5. Let your Policy Lapse – If none of the above are valid options for you, and you can either no longer afford your policy or no longer need your policy, simply stop paying premiums and the policy will lapse.

Other Resources you want to read:

I’ve written a couple other articles on this site you will want to read before deciding on whether to replace your policy or convert it.

Replacing a Life Insurance Policy

Understanding Life Insurance Conversion

How Guaranteed Level Term Life Insurance Works

*Written by Chris Huntley. Huntley Wealth Insurance and its representatives do not give legal or tax advice. Please consult your own legal or tax adviser.
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Chris Huntley
Chris Huntley is the owner of Huntley Wealth Insurance, a San Diego life insurance agency. You can find him on Google + and Facebook. Over the past 8 years, Chris has consulted with over 2000 individuals about their insurance needs. He is a proud husband and father to three adorable girls.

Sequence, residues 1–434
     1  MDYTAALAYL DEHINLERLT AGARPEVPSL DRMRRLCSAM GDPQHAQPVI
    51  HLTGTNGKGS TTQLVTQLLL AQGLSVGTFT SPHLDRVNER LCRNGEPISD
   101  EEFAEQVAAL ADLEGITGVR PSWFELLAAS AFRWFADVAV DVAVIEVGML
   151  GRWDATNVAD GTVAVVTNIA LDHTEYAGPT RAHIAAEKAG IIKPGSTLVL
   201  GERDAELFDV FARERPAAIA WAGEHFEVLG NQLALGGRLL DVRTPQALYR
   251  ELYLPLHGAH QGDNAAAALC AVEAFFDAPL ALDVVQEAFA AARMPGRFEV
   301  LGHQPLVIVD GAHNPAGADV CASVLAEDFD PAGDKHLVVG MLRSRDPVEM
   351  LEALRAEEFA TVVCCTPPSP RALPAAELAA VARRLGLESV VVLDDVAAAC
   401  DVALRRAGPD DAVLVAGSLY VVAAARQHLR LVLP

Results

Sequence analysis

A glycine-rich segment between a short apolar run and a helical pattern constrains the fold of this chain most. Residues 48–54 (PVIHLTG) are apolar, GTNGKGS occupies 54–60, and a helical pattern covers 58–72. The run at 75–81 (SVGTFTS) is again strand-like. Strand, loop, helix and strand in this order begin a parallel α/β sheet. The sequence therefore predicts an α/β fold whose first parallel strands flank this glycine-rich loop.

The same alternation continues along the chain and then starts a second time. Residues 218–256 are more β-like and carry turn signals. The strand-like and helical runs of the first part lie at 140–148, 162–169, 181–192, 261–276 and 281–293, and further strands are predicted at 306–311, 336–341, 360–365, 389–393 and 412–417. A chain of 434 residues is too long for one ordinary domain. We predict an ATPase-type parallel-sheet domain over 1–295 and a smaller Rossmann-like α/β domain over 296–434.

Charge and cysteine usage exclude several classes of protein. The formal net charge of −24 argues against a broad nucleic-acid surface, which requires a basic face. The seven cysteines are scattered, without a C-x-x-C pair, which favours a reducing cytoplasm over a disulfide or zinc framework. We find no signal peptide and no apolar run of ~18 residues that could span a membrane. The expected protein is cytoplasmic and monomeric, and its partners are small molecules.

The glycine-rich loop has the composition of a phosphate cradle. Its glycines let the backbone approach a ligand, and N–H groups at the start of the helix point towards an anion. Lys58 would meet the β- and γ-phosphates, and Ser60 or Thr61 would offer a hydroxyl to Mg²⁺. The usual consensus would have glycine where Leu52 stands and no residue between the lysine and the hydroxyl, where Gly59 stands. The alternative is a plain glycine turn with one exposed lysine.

Chris Huntley
Chris Huntley

What will happen to my term life insurance policy when my term is up? Does it cancel?


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{ 16 comments… add one }

  • charlie January 22, 2013, 1:44 am

    a friend of mine mom died and she had old life insurance polices and they were rockford , he went to cash them in and they are no longer around so what happens when you cant pay for the funreal because the policies were old and they are no longer around to cash them

    • Chris Huntley January 23, 2013, 3:15 pm

      Chances are they were acquired by someone else. Perhaps you can track them down through a google search.

  • Gene February 19, 2013, 2:14 pm

    Dear Mr. Huntley,

    What happens when a Term Life Insurance Policy lapses? Obviously there is no coverage anymore, but is any of the money paid in over 20 years recovered?

    Thank you,

    Gene

    • Chris Huntley February 23, 2013, 1:02 pm